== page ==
Archive for June, 2010

a little down time

Posted June 30, 2010 By dad

Jack left for camp this morning.  That means there won’t be anything new to report (other than a little oxidation) for the next two weeks.

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not as fun as tearing things apart, but…

Posted June 29, 2010 By dad

Jack stopped in for a couple of hours to bring his parts inventory backlog up to date before taking off for camp in the morning.  Mission accomplished.

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Rat Season

Posted June 27, 2010 By jack

Friday night, Dad and I finally got a chance to visit the garage after a three week break. Luckily, everything was where we left it. Our first task was to check the rat traps we set last time. Although we love working in our grungy, commercial-style shop, it can have its draw backs. When Rob dropped in for a visit a few days ago, we spotted two rats climbing down the pipes, and immediately headed off to purchase traps, bait, and poison. Although we didn’t catch any, we did find a dead mouse who had been nibbling one of the poison boxes we strategically placed around the garage.

We attempted to take the motor off of the cherry picker and put it on the engine stand, but we realized that we had no bolts for it. After I took a hasty measurement, Dad went to Kragen Auto Supply to get some bolts using the measurements I gave him. After he returned, we tested the new bolts, and, of course, they were too small. After much trial and error with bolt diameter, length, and thread pitch, we finally figured out what size we would need for the next day.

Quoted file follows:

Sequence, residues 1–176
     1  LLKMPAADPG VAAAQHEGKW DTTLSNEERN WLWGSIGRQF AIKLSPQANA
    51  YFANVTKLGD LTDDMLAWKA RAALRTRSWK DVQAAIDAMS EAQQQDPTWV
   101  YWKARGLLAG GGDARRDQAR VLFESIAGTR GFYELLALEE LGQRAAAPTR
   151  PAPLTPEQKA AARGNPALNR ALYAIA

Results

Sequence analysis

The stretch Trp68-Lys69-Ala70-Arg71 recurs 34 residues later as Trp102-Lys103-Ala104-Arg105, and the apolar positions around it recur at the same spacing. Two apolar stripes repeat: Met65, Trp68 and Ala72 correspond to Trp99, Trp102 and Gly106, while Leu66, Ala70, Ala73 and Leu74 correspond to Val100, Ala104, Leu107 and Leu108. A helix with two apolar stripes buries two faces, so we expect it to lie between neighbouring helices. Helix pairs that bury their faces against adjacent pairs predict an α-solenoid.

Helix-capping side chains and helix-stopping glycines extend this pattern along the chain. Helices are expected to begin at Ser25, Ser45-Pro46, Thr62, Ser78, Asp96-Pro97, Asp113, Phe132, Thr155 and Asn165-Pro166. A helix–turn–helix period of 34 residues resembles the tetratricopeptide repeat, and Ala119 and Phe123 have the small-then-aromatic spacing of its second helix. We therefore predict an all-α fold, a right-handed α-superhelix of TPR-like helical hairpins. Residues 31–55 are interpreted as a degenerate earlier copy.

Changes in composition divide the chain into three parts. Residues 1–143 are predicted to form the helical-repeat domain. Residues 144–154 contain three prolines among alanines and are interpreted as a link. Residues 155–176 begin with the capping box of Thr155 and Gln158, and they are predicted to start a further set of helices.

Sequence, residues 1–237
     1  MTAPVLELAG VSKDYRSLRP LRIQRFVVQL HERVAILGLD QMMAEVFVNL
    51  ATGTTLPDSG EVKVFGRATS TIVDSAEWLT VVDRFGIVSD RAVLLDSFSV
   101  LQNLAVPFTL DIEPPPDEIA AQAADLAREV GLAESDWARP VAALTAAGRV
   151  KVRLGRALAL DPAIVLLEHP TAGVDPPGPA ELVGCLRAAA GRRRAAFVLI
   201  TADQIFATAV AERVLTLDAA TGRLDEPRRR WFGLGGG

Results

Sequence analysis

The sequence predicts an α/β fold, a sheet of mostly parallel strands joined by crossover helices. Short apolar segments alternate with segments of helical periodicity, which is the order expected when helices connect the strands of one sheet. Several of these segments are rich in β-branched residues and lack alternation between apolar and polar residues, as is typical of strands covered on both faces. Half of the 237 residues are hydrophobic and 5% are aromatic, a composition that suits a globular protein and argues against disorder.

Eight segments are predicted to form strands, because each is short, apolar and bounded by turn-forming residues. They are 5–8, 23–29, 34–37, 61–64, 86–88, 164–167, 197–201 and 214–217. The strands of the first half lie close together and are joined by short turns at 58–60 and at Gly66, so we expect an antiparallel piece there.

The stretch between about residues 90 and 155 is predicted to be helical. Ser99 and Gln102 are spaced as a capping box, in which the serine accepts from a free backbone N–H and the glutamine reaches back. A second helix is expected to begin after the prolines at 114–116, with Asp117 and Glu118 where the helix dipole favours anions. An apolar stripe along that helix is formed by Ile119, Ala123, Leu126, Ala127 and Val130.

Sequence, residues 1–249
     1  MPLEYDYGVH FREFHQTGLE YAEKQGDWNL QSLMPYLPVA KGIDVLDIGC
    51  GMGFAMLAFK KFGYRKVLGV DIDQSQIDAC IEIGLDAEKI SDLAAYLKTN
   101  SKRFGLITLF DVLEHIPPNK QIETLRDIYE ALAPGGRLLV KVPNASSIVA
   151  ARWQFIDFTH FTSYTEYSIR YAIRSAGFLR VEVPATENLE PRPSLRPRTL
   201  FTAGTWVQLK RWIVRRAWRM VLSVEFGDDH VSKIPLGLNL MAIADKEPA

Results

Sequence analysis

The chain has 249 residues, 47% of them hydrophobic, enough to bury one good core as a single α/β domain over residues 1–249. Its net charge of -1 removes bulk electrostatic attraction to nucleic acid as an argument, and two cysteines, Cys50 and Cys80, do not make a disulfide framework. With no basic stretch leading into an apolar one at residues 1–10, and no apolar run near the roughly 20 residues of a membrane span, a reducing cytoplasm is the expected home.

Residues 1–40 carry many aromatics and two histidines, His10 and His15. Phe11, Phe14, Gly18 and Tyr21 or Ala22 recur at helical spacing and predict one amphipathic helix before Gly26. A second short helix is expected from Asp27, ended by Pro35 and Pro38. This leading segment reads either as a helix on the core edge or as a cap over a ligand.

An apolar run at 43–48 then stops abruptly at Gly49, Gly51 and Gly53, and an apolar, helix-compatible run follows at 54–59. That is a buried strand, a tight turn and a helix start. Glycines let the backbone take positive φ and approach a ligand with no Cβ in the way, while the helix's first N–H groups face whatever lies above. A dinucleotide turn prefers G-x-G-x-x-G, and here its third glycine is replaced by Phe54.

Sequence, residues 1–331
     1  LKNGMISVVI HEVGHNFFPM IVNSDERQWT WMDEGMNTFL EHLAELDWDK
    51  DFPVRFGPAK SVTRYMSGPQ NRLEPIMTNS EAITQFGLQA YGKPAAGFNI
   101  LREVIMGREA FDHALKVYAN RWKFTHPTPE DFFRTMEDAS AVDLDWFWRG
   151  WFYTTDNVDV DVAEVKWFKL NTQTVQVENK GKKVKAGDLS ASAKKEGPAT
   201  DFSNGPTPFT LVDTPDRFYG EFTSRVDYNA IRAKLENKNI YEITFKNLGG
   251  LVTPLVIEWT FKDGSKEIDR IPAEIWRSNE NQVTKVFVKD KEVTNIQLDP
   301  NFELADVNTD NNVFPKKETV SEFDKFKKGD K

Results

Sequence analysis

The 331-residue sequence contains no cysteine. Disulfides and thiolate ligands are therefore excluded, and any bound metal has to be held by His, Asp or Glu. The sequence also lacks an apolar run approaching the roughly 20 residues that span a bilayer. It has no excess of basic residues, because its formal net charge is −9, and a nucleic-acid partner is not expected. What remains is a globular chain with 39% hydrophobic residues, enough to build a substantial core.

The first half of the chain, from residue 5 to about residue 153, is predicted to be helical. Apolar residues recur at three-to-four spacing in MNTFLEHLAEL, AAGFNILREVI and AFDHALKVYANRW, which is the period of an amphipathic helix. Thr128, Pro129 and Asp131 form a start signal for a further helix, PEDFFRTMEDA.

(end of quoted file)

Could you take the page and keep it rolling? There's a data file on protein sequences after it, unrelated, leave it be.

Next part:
On Saturday we started early so we could get home for a family dinner. Dad set up the radio to listen to the US/Ghana world cup match while I opened up the toolboxes. Working on the Mustang has been taking up more and more floor space, so moving cars was first on our agenda for the day. Dad and I rolled the Mustang out the garage doors temporarily, and moved the truck (a 1965 Dodge A-100 pickup) onto the lift to get it out of the way.  Today, Charlie will help move the Citroen 2CV under the lift and rearrange the two Messerschmitts and the Isetta while Dad sets up the security system, and I get started on the bins of parts to be inventoried.

Ready to begin, we set up the engine stand with the correct bolts, and positioned the adjustable arms in front of the screw holes in the block. Before we attached the engine, we removed a few engine-mounted accessories while it was still hanging in mid-air from the cherry picker. First off came all exterior hoses, followed by the distributor.  Then, Dad took off the automatic transmission flexplate and I drained the oil pan. Kitty litter proved to be very helpful cleaning up all of the coolant that happened to miss the tub we placed under the engine and spilled onto the shop floor.  We also removed the water pump, carburetor, and intake manifold.  With all of the accessories removed, we bolted the now much lighter engine block to the stand and detached it from the cherry picker. (Although I knew it was created for this purpose, I was still shocked that the engine stand could support the sheer weight of the motor from one just one end.)

The rest of the day was spent disassembling the engine. After the valve covers came off, we removed the pushrods, placing them into holes punched into the bottom of an inverted cardboard box, and strung the rocker arms onto a coat hanger.  This was done so we could keep the pushrods and rockers in order referenced to the cylinder from which they were removed, so we can check for unique wear patterns or problems that could be traced back to a specific problem location in the engine. Last off were the cylinder heads. We took extra care making sure all of the head bolts were removed, after seeing a grisly picture in one of our books of a head cracked in two pieces by its owner who got a little overzealous trying to pry it off after only removing four of the eight head bolts.  Doh!